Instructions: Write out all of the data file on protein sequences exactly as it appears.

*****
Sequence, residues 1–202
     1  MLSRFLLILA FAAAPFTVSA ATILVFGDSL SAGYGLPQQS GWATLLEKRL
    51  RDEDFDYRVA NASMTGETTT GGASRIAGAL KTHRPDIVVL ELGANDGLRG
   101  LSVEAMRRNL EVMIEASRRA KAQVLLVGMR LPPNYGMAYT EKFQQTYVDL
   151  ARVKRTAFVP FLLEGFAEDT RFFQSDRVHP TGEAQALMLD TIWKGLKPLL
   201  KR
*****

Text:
Sequence, residues 1–202
     1  MLSRFLLILA FAAAPFTVSA ATILVFGDSL SAGYGLPQQS GWATLLEKRL
    51  RDEDFDYRVA NASMTGETTT GGASRIAGAL KTHRPDIVVL ELGANDGLRG
   101  LSVEAMRRNL EVMIEASRRA KAQVLLVGMR LPPNYGMAYT EKFQQTYVDL
   151  ARVKRTAFVP FLLEGFAEDT RFFQSDRVHP TGEAQALMLD TIWKGLKPLL
   201  KR